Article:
Total estimates that its plant will generate about $50 billion in revenue for Mozambique’s government during its first 25 years in operation. That revenue can be directed toward much-needed infrastructure, educational programs, and economic diversification programs.

Consider direct foreign investment in Mozambique: Total’s US$25 billion investment in the LNG plant is more than twice Mozambique’s current GDP.

How about the plant construction project? Not only will it generate tens of thousands of local jobs, but it also will provide training opportunities for local people. Indigenous companies will be contracted to provide goods and services.

This pattern will continue once the plant is operational. Locals can train for and take a wide range of positions, including professional and leadership roles. Over time, subject matter experts who can share their knowledge in Mozambique, and with other African companies, will be cultivated. And, once again, the plant will be looking to local companies to provide products and services.

LNG Can ‘Em-power’ Mozambique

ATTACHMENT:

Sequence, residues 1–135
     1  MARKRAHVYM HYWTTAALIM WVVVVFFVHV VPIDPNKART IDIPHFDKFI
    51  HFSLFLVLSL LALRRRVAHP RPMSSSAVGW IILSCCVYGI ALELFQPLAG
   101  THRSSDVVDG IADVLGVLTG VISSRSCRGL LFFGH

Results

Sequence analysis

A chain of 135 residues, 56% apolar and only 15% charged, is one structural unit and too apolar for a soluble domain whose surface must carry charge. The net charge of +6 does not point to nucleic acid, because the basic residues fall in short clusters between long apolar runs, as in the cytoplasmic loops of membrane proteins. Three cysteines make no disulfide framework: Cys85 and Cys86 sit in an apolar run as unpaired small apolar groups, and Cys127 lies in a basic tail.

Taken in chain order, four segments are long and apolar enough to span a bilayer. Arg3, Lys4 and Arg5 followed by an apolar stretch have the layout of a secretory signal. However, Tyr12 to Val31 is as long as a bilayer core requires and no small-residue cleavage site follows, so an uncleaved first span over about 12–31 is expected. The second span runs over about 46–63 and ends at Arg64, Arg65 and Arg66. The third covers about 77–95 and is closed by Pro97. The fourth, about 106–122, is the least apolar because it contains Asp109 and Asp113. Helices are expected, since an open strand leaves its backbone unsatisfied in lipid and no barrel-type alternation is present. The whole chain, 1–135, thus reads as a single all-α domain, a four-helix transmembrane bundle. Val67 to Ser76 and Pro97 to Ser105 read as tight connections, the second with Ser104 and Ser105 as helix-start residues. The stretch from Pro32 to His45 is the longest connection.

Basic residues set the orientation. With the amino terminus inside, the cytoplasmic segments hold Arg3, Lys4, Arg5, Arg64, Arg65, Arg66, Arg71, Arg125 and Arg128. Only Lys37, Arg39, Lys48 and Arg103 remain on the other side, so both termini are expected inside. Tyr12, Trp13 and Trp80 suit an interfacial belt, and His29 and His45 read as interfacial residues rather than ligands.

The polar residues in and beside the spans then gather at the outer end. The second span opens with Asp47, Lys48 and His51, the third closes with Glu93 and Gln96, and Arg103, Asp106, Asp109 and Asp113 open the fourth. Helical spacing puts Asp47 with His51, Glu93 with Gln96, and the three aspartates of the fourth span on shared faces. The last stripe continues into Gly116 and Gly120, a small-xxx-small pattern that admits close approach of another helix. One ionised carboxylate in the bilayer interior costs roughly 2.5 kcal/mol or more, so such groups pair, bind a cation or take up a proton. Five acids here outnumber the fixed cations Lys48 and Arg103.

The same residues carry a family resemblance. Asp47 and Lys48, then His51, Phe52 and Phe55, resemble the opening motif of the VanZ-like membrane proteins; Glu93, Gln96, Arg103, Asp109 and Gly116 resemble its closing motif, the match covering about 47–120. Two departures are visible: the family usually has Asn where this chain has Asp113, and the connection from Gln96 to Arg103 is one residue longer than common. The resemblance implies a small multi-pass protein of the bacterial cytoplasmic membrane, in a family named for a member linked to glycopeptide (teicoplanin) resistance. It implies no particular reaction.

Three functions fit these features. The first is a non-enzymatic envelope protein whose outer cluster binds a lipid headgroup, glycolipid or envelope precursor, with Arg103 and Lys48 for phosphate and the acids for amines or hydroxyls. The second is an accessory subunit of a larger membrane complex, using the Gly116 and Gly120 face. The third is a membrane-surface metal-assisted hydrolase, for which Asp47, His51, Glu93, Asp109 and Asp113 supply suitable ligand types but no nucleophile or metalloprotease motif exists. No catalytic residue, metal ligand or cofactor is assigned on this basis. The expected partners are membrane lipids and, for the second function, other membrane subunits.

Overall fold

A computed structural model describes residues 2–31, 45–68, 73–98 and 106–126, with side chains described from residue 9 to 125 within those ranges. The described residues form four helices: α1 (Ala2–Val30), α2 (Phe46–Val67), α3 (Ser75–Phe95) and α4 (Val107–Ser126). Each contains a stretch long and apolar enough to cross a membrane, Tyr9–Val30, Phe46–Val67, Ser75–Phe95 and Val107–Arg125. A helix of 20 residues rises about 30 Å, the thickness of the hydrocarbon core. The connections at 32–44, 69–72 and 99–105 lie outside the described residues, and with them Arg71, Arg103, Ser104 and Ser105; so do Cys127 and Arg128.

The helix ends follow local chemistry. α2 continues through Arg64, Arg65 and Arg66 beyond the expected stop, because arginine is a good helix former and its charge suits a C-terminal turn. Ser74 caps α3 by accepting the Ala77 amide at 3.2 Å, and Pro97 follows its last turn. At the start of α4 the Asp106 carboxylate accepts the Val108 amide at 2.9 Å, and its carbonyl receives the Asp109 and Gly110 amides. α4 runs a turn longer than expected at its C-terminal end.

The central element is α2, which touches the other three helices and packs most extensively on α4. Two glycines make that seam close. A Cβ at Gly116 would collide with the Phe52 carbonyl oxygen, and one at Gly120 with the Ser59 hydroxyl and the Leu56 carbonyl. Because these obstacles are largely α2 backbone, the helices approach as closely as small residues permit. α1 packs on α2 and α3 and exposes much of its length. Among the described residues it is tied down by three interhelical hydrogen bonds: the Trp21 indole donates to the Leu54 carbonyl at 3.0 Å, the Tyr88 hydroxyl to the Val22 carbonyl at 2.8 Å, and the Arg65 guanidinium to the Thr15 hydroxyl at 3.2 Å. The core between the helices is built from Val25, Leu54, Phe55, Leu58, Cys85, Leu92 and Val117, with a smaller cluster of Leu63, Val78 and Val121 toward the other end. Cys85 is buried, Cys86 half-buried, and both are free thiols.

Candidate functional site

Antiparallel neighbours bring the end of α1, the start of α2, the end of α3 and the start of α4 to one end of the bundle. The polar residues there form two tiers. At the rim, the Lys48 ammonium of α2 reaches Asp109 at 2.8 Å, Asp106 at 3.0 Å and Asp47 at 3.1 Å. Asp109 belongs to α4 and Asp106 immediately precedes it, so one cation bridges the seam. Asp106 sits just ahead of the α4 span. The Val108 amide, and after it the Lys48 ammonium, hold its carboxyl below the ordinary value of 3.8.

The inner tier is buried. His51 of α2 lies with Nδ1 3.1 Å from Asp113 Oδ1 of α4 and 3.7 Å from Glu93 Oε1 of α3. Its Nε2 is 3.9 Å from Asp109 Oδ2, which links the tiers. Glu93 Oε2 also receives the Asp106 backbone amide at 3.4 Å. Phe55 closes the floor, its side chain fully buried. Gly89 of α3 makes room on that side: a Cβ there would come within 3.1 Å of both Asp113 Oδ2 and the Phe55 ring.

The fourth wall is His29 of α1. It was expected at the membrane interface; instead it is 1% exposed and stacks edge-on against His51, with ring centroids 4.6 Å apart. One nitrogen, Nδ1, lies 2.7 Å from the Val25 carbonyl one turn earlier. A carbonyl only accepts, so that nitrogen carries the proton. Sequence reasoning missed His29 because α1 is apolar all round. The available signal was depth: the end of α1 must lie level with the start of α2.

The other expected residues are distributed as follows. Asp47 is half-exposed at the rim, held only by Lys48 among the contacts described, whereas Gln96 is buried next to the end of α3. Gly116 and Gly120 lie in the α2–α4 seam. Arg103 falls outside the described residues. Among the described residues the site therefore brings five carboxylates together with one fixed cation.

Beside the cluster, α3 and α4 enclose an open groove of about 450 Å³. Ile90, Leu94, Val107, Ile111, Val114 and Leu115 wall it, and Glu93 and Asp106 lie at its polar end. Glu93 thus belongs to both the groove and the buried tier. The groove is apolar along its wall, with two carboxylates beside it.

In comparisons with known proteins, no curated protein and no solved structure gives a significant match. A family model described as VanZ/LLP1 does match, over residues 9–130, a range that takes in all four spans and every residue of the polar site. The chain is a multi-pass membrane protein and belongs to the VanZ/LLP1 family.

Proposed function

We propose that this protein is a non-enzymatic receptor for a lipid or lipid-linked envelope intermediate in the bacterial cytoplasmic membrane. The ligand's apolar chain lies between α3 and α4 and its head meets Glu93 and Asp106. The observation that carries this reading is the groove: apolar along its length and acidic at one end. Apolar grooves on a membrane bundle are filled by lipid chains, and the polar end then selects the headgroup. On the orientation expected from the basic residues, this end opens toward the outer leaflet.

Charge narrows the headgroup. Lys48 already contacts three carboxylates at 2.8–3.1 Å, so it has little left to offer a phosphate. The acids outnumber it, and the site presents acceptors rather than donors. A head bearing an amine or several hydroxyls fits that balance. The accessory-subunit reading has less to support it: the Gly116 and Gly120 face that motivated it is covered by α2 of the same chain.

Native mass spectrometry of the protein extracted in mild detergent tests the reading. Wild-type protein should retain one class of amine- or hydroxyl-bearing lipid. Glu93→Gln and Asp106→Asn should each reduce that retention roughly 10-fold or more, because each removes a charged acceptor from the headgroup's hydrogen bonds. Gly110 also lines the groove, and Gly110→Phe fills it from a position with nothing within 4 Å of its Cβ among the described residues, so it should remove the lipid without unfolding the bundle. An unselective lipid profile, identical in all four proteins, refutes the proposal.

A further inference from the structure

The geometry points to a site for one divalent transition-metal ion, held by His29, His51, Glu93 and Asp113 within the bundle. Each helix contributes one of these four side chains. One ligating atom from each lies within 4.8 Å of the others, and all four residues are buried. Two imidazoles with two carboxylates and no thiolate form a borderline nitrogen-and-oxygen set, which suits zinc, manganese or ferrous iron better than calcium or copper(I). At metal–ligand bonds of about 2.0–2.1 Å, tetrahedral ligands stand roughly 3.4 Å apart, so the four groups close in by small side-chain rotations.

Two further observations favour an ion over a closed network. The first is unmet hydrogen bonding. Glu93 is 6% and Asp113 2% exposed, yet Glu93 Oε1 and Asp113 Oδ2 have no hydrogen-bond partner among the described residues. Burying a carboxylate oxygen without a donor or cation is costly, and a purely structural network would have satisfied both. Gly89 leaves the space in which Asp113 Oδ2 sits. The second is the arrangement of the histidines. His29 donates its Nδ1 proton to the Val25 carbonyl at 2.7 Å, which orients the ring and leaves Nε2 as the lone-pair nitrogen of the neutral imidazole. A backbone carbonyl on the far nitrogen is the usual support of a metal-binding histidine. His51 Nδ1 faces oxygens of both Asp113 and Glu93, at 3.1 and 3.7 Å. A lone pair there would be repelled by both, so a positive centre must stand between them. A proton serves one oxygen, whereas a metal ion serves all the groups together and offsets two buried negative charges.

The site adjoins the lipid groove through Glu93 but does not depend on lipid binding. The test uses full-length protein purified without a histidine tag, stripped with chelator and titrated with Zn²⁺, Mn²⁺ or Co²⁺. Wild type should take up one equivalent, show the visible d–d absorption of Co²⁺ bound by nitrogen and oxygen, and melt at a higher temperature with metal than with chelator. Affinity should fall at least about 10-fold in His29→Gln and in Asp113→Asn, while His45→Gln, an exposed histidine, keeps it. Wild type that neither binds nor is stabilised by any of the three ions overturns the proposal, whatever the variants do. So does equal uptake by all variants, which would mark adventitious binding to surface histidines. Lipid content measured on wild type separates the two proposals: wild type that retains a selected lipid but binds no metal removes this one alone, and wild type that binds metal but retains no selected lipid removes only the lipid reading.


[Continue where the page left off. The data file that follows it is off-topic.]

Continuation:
In addition to these far-reaching economic opportunities, the LNG produced at the plant will provide affordable energy for Mozambique.

The need is urgent. Only about 29% of the population has access to electricity today. Medical care is hindered. Education is impacted. And sustainable economic growth is an uphill climb.

Earlier this year, I praised the government of Mozambique for negotiating for part of the LNG production to be diverted to the domestic market, meaning it can be used for power generation. Since then, the government secured financing for a 400MW gas-fired power plant and transmission line to Maputo, the country’s capital, which will dramatically improve power reliability there.

By the way, when the Mozambique government ensured that some of the plant’s LNG production would be available for domestic use, it also laid the foundation for monetization and economic diversification. In Mozambique, LNG will be available to serve as feedstock for fertilizer and petrochemical plants. It can be exported by pipeline to neighboring companies. And that, in turn, can help Mozambique build even more infrastructure and contribute to even greater widespread prosperity.

Mozambique Has Been Working for This